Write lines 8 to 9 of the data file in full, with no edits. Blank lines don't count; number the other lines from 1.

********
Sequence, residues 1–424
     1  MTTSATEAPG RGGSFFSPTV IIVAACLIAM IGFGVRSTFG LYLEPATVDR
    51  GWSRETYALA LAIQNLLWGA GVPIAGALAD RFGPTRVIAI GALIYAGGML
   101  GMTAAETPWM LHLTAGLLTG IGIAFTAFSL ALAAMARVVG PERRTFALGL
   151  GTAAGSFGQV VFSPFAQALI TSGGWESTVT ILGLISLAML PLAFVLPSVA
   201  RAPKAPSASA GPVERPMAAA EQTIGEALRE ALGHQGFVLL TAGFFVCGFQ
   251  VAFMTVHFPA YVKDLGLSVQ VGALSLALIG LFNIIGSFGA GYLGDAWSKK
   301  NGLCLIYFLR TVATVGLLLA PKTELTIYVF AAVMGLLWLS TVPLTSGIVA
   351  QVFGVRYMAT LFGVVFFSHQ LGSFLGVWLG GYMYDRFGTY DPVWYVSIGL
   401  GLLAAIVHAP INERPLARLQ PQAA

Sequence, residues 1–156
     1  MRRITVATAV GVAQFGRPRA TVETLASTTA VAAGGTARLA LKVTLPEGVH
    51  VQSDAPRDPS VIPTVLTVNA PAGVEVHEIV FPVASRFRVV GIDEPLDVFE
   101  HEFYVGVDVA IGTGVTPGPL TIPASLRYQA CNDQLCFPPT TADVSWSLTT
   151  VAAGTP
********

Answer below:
   301  NGLCLIYFLR TVATVGLLLA PKTELTIYVF AAVMGLLWLS TVPLTSGIVA
   351  QVFGVRYMAT LFGVVFFSHQ LGSFLGVWLG GYMYDRFGTY DPVWYVSIGL